Since they had explored so much new turf during the writing process, POP ETC thought it only fitting to continue the trend while recording, and Chu and company set up shop in his Brooklyn apartment to record the majority of Souvenir at home. Naming the makeshift studio “Headphone Cave,” they committed to tape almost all of the tracks except drums and certain vocals there, a process Chu found incredibly liberating especially in the context of the multitude of material.
“Recording at home really changed the process,” he says. “We never would have been able to write and record so many songs if we didn’t have total freedom in our studio setup. Usually I would just engineer things myself by default, and the more comfortable I got with it, the quicker I would go from writing a song to producing and arranging the track. It’s kind of a more natural way to make music because I often write songs with a groove or vibe in mind, so it’s nice to quickly get that down and show the dudes what I was feeling for a song.”
The vibe throughout Souvenir surges with energy and bristles with a newfound confidence that uplifts it even higher than the band’s previous marks. Songs like “What Am I Becoming?” and “Vice” teem with electronic elements and synapses of synths that could almost place them a few decades distant, but Chu’s earnest delivery and attitude deliver a timeless sound. In fact, “What Am I Becoming?” was one of the final tunes completed for the album and was the result of a serendipitous revisiting, and as such Chu identifies it as one of the most confident moments on the album, as he, his brother, and Harmon were reaching their collaborative peak. “That song feels very much like a product of us working at home, following our instincts wherever they took us,” he says. “I think because we were really able to explore each song until it felt 100-percent perfect to all three of us, it feels really natural even though it came together in a fractured way.”
Another boundary broken down during the making of Souvenir was around the band member’s roles themselves. Chu chalks this up to the length of time they spent together playing with different ideas, and refers to their roles as being curators as much as individual instrumentalists. “We were constantly tweaking songs together,” he says. “We produced the album as a band. We were all wearing a bunch of different hats. Julian played drums, Jon would play keyboards, but beyond that we would all contribute ideas that helped make the arrangements work exactly right. We built the songs together, and our hope is that you can hear all three of our personalities in them.”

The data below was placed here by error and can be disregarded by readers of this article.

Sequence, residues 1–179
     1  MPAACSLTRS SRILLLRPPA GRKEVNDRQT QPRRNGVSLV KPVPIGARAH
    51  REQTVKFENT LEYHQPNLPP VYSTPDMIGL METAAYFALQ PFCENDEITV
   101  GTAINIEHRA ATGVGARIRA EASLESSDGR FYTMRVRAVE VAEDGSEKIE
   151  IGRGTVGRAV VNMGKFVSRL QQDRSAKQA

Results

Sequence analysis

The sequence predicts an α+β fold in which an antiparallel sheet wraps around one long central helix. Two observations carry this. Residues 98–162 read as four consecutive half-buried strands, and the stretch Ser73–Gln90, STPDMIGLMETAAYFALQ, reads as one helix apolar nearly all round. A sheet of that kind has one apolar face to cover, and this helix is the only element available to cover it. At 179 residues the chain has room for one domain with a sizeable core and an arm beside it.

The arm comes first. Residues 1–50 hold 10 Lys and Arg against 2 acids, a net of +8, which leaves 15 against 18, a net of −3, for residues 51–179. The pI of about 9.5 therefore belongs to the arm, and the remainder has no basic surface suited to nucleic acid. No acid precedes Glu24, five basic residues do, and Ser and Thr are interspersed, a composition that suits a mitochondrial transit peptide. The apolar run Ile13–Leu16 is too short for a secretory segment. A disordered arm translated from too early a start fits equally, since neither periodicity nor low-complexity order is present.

From a massive swath of endless ideas and unlimited potential to a drum-tight, collaboratively curated and focused group of precise and polished songs, POP ETC have embraced a new path that still leads to those eureka moments they have always sought. And Chu, never short on sentiment, reflects on the album’s slice-of-life mentality with a nostalgic appreciation.
“We spent so long writing, not knowing what the album was going to be,” says Chu. “In the end, what made it come together and feel like it was ready was distance. I took some space from it and when I put it back on, it instantly transported me back to that time in such a strong way; that feeling of trying to come to terms with life turning out different than I expected. It feels like a time capsule for these last few years. We experienced a lot in our lives during the making of this record, it has a pretty heavy feeling to it—it’s a souvenir of that period for us.”